Rare chance to see rufus
MOST recent arrivals to the Clarence Valley, and even many long-term residents, will be unaware of the presence of rufous bettongs, which inhabit certain areas of remaining natural bushland across the Valley.
Dubbed the rat kangaroo by early settlers, a bettong is in fact considerably larger than a rat but is also very much smaller than other macropod species, kangaroos, wallaroos and wallabies.
About the size of a possum or bandicoot, these little fellows bound on strong hind legs in the way of kangaroos, while their swift agility and erratic leaping when startled helps them to successfully evade surprised predators.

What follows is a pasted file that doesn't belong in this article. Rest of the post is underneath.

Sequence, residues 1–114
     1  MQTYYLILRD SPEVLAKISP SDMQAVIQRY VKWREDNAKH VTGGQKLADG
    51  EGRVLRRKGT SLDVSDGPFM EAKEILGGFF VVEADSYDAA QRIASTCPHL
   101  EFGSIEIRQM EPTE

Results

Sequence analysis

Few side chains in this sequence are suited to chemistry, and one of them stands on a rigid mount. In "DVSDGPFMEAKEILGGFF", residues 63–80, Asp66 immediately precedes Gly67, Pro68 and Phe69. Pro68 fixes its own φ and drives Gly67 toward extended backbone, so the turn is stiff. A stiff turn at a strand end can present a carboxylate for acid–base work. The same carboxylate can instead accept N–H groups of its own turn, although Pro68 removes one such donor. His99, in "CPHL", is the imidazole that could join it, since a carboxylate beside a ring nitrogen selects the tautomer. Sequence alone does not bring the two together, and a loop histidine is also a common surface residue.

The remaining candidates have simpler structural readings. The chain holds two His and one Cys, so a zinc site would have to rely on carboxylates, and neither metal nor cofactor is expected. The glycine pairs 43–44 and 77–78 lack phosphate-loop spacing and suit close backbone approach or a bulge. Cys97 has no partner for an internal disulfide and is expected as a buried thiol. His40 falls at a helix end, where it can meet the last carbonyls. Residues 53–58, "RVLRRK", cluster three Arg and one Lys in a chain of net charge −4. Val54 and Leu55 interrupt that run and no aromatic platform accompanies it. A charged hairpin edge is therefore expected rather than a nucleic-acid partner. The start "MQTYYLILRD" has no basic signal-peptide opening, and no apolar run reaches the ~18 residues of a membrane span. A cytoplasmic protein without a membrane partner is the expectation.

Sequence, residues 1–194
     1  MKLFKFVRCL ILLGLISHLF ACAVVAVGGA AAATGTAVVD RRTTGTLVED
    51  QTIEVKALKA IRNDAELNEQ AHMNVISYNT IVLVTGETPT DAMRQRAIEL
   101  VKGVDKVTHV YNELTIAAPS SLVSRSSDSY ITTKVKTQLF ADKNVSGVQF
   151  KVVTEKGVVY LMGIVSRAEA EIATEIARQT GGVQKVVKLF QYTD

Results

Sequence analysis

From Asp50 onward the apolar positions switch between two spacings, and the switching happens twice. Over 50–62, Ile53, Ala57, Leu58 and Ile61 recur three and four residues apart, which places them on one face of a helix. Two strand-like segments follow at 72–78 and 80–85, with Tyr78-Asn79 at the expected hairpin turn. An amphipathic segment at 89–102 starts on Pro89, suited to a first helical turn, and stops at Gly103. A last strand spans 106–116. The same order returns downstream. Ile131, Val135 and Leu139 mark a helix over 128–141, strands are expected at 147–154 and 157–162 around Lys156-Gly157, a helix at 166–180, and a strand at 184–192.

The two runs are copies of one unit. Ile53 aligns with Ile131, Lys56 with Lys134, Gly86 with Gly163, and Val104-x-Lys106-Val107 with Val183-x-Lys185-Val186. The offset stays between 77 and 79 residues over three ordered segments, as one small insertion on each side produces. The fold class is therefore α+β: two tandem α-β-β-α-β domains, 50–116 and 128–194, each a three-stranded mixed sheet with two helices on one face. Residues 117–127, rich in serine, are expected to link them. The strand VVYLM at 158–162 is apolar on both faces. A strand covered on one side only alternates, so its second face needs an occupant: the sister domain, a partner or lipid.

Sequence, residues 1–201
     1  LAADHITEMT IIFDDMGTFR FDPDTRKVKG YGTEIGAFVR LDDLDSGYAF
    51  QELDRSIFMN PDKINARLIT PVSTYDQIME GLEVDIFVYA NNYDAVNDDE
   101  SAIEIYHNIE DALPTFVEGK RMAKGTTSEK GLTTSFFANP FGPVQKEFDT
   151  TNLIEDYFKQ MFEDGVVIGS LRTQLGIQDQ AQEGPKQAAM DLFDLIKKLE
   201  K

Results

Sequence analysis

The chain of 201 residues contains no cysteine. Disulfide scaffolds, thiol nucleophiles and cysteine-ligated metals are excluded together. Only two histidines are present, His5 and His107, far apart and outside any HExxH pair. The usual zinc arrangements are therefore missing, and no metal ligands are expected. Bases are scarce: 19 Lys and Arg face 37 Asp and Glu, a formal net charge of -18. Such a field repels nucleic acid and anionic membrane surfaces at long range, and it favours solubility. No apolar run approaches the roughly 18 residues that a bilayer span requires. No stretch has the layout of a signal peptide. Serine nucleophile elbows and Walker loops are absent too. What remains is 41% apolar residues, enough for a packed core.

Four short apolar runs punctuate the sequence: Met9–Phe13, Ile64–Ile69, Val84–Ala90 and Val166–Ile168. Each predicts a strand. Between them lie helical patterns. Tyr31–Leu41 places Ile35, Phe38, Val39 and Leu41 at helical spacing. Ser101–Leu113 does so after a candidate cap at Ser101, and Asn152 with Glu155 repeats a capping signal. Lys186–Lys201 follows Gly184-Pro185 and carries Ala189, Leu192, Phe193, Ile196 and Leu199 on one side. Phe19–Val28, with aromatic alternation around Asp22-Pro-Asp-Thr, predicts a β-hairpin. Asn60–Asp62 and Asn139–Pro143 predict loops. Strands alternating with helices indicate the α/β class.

Although sturdy and quite easily raised when taken into care by wildlife groups, the rufous bettong is a threatened species, listed as vulnerable under the NSW Threatened Species Conservation Act.
As with most threatened wildlife, loss of habitat is the chief cause of this species being pushed to the edge in the Clarence Valley
So if one evening you should chance to see what looks like a stocky little kangaroo with a round blunt nose, standing upright on its hind-legs in the middle of the road, stop and enjoy it, because not everyone is privileged to see one.
Then make sure you take careful note of the precise place you see him, and pass this location information on to the Clarence Valley branch of WIRES for lodgement with the NSW Wildlife Atlas.
Not everyone is privileged to see one.